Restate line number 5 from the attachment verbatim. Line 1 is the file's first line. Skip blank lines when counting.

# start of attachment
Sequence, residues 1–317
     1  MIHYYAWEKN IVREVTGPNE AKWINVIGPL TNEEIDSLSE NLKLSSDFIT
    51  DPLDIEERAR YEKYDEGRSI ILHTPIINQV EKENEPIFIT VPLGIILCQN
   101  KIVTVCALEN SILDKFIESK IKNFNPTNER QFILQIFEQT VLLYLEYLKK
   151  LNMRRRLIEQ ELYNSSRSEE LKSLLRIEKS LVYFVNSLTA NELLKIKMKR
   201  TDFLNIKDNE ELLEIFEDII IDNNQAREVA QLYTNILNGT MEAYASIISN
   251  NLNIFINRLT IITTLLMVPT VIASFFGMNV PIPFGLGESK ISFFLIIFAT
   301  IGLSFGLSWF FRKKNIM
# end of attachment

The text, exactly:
   151  LNMRRRLIEQ ELYNSSRSEE LKSLLRIEKS LVYFVNSLTA NELLKIKMKR